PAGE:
Briefcase, Senegal, late 20th century

This week, we hear again from students in Professor Jennifer Borland’s students in the art history survey, ART 2613. As it has done several times in the past, Professor Borland’s class included student research on objects in the permanent collection. This spring, we are featuring student work both on the blog and in the galleries: check the museum website’s calendar to find out when you can hear students present about their research in person!

This week’s post is based on work completed by Amelia Clark, George Knapp, Ricardo Morales, and Laura Ridlon. They researched a briefcase made by anonymous craftsmen in Dakar, Senegal. In this excerpt from their research, they explore the briefcase’s relationship to the history of Senegal and they compare it to works of art from all over the world.

Briefcase, late 20th century, Senegal. Cans, commercial hardware, newsprint, 14 ¾ x 15 x 3 ¼ inches. Gift of Larry W. and Mattie R. Harms, 2011.001.037.

Briefcase, late 20th century, Senegal. Cans, commercial hardware, newsprint, 14 ¾ x 15 x 3 ¼ inches. Gift of Larry W. and Mattie R. Harms, 2011.001.037.

Slave trading began off the coast of Senegal in the mid-15th century. Those interested in the trading post were: Portugal, the Netherlands, Great Britain, and France. France gained control of the slave trade in the late 17th century, establishing itself firmly as the colonial power in the region. Eventually, France abolished slavery and missionary groups began to spread eastward into Senegal. This began the process of French colonialism in Dakar, the capital city of Senegal.

Briefcase, detail showing French-language comics and advertisements.

Briefcase, detail showing French-language comics and advertisements.

This briefcase was purchased by Larry and Mattie Harms outside a city dump in Dakar. We can see a connection to French language and culture—one of the results of imperialism—in the Astérix and Pif comics. We can also see the impact of more recent cultural imperialism in the advertisement for “Star Wars” and the American comic, Conan the Barbarian—both translated into French.

Briefcase, detail of advertisement for "Star Wars" toy.

Briefcase, detail of advertisement for “Star Wars” toy.

Purposefully or not, the layout of the comics within the briefcase also reflects these changes over time, with the French comics below giving way to American popular culture on top. This progression is echoed in transitions from comics and toys aimed at children on the bottom to those aimed at adolescents and adults on top, and from lighthearted storylines on the bottom to images of war and violence at the top.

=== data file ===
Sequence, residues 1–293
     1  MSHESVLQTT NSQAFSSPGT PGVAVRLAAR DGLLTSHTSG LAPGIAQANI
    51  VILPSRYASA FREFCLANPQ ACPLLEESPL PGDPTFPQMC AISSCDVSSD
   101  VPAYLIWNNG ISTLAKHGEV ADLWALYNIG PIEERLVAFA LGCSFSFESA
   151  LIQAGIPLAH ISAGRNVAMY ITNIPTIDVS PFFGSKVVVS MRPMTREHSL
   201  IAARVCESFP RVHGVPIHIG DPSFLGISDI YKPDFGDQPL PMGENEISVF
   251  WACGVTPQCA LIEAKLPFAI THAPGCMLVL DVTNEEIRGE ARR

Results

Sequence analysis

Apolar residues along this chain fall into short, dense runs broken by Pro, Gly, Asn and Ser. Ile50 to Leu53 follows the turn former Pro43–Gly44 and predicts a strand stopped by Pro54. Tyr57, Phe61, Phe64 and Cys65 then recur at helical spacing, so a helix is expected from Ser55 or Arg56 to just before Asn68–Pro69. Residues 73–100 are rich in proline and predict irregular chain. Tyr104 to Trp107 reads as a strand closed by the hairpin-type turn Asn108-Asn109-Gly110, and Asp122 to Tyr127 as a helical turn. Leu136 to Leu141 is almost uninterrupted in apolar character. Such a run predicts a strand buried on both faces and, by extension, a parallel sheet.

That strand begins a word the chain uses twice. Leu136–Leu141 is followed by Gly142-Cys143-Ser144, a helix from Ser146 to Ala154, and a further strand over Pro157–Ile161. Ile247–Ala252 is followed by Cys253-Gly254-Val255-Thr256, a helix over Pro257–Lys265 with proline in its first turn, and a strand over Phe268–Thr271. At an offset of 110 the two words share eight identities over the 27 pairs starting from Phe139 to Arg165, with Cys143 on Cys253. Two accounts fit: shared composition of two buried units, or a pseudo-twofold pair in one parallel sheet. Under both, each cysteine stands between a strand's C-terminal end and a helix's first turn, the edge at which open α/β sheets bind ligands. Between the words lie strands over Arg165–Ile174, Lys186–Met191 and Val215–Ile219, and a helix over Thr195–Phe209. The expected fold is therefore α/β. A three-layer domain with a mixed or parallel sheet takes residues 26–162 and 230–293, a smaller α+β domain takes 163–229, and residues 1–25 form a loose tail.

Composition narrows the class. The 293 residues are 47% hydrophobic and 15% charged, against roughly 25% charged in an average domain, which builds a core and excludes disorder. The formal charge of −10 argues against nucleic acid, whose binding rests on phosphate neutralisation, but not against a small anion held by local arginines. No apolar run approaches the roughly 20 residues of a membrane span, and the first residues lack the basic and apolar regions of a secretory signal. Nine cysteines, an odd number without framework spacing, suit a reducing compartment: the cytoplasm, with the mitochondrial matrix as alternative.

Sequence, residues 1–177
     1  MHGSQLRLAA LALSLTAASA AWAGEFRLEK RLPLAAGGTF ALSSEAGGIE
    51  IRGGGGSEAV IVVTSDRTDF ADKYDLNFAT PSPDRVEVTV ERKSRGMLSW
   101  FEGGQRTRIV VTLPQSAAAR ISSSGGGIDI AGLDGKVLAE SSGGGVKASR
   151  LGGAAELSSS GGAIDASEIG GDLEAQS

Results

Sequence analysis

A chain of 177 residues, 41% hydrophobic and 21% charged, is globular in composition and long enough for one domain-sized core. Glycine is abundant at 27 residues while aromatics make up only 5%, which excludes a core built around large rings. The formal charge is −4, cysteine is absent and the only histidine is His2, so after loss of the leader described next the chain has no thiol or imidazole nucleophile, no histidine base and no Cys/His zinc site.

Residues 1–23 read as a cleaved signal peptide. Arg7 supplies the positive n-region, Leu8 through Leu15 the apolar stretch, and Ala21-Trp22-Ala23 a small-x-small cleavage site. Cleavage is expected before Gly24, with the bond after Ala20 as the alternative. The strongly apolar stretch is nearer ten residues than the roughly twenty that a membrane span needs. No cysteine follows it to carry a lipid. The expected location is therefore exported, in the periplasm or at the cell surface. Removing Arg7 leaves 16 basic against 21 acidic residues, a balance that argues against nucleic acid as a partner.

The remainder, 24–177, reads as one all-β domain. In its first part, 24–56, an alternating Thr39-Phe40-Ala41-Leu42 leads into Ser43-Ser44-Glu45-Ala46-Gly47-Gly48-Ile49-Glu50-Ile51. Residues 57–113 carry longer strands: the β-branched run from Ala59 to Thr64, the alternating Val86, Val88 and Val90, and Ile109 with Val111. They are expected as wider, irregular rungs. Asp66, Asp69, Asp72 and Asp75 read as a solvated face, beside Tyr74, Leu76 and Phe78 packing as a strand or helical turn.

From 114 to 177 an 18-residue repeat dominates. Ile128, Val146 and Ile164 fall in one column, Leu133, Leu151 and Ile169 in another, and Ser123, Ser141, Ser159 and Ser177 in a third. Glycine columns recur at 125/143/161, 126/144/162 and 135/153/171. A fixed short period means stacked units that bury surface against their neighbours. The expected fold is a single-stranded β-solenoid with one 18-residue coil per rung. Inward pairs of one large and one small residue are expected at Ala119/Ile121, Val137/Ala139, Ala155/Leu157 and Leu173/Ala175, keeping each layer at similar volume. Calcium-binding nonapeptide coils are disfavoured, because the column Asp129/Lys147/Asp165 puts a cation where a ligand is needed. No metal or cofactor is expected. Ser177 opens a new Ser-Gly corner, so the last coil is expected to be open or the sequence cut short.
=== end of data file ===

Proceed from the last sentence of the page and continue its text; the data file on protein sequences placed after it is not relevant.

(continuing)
Briefcase, detail of "Conan the Barbarian" comic.

Briefcase, detail of “Conan the Barbarian” comic.

Whether or not the creators of the briefcase intended this meaning, the briefcase apparently tells a story about the history of colonialism and globalization in Senegal.

Briefcase, exterior view.

Briefcase, exterior view, late 20th century, Senegal. Cans, commercial hardware, newsprint, 14 ¾ x 15 x 3 ¼ inches. Gift of Larry W. and Mattie R. Harms, 2011.001.037.

Commercialism is evident in the briefcase, as it is constructed out of post-consumer waste products like comic book pages and tomato paste cans. We might compare it to artists’ explorations of consumer culture such as Andy Warhol’s 1962 Campbell’s Soup Cans.

Andy Warhol, "Campbell’s Soup Cans," 1962. Polymer paint on canvas, collection of the Museum of Modern Art.

Andy Warhol, “Campbell’s Soup Cans,” 1962. Polymer paint on canvas, collection of the Museum of Modern Art.

Collage was also used by Hannah Höch in her earlier critique of conspicuous consumption and conservative politics in Weimar Germany, Cut With the Dada Kitchen Knife.

Hannah Höch, "Cut With the Kitchen Knife Dada Through the Last Weimar Beer-Belly Cultural Epoch of Germany," 1919-20. Photomontage.

Hannah Höch, “Cut With the Kitchen Knife Dada Through the Last Weimar Beer-Belly Cultural Epoch of Germany,” 1919-20. Photomontage.

Although the briefcase shares the sense of apparently accidental contrast exemplified by Höch’s collage, it is unlike Dada collage because it has a clear sense of order and symmetry.

Ai Weiwei, "Forever," 2003. Bicycles frames, installation view.

Ai Weiwei, “Forever,” 2003. Bicycles frames, installation view.

In its use of found objects, the briefcase is also similar to the work of Chinese artist Ai Weiwei. In Forever, Ai uses bicycle frames to create abstract work out of familiar objects.

Using found objects to create art can have both symbolic and practical value. Artist Mamadou Tall Diedhiou works in Senegal, like the unknown makers of our briefcase. In the brief video below, Diedhiou explains the motivations behind his use of discarded cell phones to create sculpture.

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About osucurator

Louise Siddons is Associate Professor of Art History at Oklahoma State University and founding curator of the Oklahoma State University Museum of Art. She maintains this blog as a record of her students' work with the Museum's permanent collection as well as more generally with topics related to museum studies.
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